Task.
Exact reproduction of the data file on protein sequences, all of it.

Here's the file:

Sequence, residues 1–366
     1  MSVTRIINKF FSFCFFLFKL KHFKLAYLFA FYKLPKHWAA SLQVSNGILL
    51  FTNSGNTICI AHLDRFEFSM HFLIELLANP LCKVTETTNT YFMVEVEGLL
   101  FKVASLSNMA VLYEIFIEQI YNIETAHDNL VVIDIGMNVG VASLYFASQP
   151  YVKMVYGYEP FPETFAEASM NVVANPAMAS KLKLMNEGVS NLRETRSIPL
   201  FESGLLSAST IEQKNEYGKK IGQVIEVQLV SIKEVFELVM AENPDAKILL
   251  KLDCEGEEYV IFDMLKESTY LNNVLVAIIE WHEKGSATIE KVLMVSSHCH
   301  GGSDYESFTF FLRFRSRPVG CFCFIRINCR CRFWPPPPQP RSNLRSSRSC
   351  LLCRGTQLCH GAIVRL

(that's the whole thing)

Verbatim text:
Sequence, residues 1–366
     1  MSVTRIINKF FSFCFFLFKL KHFKLAYLFA FYKLPKHWAA SLQVSNGILL
    51  FTNSGNTICI AHLDRFEFSM HFLIELLANP LCKVTETTNT YFMVEVEGLL
   101  FKVASLSNMA VLYEIFIEQI YNIETAHDNL VVIDIGMNVG VASLYFASQP
   151  YVKMVYGYEP FPETFAEASM NVVANPAMAS KLKLMNEGVS NLRETRSIPL
   201  FESGLLSAST IEQKNEYGKK IGQVIEVQLV SIKEVFELVM AENPDAKILL
   251  KLDCEGEEYV IFDMLKESTY LNNVLVAIIE WHEKGSATIE KVLMVSSHCH
   301  GGSDYESFTF FLRFRSRPVG CFCFIRINCR CRFWPPPPQP RSNLRSSRSC
   351  LLCRGTQLCH GAIVRL